The following is a reprint of the Ad Nauseam column which appeared in the September 23, 2008 edition of the Metaverse Messenger.
According to most pundits, the recent monetary crisis has dealt a devastating blow to the future of online, non-traditional advertising. “Are ‘experimental’ marketers doomed?” asks Adotas. “Credit crunch hits new ad technology” utters Utalk Marketing. “Investment in bullshit ads plummets,” gloats Gawker.
Kind of reminds me of the great High Street rout during the Ohio flood of 1913.
In March of 1913 Ohio experienced the worst natural disaster of its history when heavy rainfalls caused massive flooding of the region. The worst of it occurred along the Great Miami River, and in Dayton the flood water rose to twenty feet in the downtown core. The stress of the rushing waters ruptured gas lines causing fires that burned unchecked as the fire department watched helplessly, unable to gain access. In the end over 400 people died and more than 20,000 homes destroyed.
Although I was born and raised in Canada, I knew about the Ohio flood because it had been featured in a story by one of my favorite authors — James Thurber.
In his “The Day the Dam Broke,” Thurber tells of the teaming mass of humanity which fled down High Street in his hometown of Columbus, Ohio. “‘Go east!’ was the cry that arose,” he wrote. “East away from the river, east to safety. ‘Go east! Go east! Go east!’” As the panic took hold, more and more people joined the throng. “Black streams of people flowed eastward down all the streets heading in that direction.” Before it was over, some had run more than 12 miles to escape the raging waters.
Except, of course, in Columbus there weren’t any raging waters. The entire incident had been nothing more than a massive misunderstanding. “Suddenly somebody began to run,” says Thurber, suggesting the ultimate cause. “It may be that he had simply remembered, all of a moment, an engagement to meet his wife, for which he was now frightfully late.” Under normal circumstances, one person running would have been unremarkable, but with the flood waters rising in neighboring regions, any quick movement could be interpreted as an attempted escape from impending doom. “Inside of ten minutes, everybody on High Street, from the Union Depot to the Courthouse was running. A loud mumble gradually crystallized into the dread word ‘dam.’ ‘The dam has broke!’”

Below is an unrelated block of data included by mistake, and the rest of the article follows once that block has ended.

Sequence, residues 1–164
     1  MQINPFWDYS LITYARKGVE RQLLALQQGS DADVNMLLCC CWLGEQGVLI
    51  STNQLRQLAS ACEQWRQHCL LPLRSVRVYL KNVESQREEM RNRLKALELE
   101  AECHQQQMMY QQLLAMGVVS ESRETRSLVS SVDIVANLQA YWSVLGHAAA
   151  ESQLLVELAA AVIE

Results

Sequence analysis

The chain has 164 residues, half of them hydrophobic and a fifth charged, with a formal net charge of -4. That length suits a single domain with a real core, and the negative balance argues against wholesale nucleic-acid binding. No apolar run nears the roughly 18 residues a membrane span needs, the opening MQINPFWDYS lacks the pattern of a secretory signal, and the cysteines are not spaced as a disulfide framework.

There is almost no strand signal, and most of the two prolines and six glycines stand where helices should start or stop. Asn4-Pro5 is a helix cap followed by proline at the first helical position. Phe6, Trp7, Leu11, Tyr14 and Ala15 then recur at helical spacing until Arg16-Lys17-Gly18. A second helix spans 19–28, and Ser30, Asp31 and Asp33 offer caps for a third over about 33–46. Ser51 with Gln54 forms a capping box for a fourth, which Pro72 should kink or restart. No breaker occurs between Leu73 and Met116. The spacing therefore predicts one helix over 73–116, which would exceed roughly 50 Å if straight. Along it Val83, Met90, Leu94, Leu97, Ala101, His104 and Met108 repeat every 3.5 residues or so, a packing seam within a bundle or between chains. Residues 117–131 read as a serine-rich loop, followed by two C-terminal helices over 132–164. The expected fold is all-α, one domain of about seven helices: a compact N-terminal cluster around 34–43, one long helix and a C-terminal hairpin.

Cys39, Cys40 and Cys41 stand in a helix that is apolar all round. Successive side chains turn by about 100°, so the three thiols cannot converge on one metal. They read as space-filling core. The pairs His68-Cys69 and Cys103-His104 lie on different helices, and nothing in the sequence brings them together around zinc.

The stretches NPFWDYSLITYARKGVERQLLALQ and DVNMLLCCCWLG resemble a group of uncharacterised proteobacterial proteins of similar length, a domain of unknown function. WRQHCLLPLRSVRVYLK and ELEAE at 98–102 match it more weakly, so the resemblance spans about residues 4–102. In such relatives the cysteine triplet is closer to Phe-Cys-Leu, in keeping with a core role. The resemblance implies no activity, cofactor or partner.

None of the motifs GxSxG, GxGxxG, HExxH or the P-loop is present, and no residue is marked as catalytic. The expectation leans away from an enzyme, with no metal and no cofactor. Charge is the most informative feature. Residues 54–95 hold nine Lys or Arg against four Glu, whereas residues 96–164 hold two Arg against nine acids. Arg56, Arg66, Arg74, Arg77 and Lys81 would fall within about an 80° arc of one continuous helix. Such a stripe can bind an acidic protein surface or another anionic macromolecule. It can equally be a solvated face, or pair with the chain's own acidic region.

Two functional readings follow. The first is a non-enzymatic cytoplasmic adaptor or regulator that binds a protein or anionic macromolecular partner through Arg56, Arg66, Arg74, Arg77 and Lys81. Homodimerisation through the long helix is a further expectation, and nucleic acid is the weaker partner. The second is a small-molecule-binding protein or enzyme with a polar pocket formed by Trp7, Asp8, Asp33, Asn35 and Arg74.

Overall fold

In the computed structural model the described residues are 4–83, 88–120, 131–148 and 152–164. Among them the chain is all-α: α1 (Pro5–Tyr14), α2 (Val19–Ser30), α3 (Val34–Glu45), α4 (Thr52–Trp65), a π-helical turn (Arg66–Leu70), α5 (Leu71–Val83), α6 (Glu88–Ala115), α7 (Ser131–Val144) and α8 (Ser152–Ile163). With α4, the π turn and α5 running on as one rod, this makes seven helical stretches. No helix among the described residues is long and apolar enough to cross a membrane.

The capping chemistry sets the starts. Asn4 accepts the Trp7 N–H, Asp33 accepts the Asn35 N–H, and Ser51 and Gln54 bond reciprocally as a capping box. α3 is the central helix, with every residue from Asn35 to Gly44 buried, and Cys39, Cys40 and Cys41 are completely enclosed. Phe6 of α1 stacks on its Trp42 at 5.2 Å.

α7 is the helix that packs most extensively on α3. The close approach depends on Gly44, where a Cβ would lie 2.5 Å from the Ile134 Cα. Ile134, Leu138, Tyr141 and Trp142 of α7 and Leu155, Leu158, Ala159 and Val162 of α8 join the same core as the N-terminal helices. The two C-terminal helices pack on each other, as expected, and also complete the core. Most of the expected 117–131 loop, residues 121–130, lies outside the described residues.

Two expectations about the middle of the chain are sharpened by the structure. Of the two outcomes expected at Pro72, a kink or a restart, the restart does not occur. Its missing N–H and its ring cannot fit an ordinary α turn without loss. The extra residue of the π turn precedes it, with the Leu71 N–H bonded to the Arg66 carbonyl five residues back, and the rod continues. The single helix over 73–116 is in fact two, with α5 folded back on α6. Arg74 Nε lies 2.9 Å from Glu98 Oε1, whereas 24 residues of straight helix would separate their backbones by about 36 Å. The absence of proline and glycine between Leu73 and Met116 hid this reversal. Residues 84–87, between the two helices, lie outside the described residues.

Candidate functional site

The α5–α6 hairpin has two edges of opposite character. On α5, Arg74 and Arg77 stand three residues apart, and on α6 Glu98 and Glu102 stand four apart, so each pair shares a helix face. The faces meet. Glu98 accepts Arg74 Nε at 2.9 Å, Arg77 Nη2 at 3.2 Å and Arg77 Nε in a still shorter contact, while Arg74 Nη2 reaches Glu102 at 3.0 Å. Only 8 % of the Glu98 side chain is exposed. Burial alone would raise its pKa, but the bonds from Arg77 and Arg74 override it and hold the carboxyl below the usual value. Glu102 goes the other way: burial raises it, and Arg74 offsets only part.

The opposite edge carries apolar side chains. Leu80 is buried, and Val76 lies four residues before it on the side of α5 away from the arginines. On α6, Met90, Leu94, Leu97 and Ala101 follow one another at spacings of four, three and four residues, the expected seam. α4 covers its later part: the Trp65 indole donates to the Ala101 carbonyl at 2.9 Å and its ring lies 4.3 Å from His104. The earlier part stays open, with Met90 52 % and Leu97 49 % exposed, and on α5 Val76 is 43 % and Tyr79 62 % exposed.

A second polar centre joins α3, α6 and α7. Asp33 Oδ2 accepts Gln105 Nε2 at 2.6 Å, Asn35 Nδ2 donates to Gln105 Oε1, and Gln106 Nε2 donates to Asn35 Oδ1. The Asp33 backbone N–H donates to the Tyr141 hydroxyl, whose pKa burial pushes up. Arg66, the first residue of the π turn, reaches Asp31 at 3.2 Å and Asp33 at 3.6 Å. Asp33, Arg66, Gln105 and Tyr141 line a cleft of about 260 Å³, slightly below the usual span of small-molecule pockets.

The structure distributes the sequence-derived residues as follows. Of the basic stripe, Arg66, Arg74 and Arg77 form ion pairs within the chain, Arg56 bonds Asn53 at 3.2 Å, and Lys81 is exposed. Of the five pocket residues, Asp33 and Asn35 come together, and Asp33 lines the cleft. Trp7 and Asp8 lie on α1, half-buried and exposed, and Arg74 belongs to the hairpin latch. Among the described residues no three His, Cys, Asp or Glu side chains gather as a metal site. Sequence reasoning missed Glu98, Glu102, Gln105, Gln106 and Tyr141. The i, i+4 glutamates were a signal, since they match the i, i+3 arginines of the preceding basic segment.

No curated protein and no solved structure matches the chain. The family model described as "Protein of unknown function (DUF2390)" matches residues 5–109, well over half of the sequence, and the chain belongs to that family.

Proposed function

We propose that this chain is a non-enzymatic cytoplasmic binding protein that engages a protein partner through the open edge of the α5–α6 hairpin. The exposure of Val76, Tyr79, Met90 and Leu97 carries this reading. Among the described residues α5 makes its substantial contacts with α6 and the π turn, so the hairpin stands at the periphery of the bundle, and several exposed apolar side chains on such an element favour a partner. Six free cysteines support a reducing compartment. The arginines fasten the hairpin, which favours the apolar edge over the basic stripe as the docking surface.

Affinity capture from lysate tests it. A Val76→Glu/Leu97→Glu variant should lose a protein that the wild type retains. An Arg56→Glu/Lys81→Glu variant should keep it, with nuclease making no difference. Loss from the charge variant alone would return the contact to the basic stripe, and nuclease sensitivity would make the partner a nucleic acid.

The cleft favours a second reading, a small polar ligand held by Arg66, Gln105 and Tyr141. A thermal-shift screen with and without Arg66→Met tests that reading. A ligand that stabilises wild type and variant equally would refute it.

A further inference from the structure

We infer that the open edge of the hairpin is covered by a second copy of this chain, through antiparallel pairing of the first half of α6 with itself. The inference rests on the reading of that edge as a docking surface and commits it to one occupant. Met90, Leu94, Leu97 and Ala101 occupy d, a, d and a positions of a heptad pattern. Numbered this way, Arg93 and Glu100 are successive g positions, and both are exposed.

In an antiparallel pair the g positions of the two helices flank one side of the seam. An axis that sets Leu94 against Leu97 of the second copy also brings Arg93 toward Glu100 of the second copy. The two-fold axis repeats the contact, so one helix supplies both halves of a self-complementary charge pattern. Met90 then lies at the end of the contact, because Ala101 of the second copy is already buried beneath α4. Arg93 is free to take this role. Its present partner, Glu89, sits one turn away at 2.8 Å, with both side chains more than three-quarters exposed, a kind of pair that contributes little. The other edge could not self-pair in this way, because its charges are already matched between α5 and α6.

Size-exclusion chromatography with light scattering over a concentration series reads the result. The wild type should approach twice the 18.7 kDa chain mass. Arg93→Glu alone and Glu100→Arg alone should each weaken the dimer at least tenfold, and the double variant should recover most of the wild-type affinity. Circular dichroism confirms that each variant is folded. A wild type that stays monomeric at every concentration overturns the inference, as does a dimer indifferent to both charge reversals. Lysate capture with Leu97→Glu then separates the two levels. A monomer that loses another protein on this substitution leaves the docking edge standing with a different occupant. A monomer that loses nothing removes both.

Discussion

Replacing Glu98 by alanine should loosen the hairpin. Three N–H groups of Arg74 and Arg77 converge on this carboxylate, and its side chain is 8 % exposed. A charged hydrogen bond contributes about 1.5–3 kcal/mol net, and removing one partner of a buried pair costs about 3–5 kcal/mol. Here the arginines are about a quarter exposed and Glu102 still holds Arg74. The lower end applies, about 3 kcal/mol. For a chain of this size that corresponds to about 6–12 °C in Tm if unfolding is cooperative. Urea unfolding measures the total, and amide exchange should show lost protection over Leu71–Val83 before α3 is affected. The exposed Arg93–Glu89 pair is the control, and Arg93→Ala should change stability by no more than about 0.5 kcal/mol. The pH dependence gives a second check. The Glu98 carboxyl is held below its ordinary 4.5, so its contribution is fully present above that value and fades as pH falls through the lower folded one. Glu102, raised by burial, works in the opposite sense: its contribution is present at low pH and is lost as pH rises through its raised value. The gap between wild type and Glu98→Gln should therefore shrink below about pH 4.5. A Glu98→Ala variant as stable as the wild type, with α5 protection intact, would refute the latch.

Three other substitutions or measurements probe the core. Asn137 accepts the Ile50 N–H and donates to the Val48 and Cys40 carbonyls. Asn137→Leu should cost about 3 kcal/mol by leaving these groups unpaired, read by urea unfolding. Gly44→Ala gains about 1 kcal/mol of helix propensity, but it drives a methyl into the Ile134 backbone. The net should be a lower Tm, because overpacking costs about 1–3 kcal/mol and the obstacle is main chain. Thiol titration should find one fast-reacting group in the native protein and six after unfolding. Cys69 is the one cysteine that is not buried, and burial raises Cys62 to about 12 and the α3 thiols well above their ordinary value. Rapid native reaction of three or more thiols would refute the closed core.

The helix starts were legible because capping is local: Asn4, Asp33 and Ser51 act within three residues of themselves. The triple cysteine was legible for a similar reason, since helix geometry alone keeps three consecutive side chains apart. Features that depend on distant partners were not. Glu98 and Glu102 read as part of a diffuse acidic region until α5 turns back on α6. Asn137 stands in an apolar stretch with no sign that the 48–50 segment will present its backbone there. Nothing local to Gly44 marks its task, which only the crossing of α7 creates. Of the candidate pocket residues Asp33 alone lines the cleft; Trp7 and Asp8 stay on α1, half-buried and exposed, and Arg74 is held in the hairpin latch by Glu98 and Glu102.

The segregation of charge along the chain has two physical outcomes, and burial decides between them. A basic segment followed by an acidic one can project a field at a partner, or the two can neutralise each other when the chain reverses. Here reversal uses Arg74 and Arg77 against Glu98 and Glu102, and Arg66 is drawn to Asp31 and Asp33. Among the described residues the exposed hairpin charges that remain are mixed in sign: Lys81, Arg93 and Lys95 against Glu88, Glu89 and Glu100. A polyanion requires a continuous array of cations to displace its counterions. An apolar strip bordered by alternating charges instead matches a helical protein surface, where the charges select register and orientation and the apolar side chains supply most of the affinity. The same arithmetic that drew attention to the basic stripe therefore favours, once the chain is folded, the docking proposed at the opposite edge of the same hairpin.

In a similar fashion, the recent panic concerning “experimental” advertising has been sparked by little more than a single voice: that of Emily Steel whose recent article in the Wall Street Journal appears to have set off a stampede with more than a few similarities to that which occurred in Columbus almost 100 years ago.
“In recent years,” she writes, “marketers have set aside a portion of their ad budgets to experiment with digital technologies such as Web video, mobile phones, gaming and virtual worlds. But with broader economic turmoil reaching Madison Avenue, these ‘experimental’ budgets are among the first to hit the cutting-room floor.”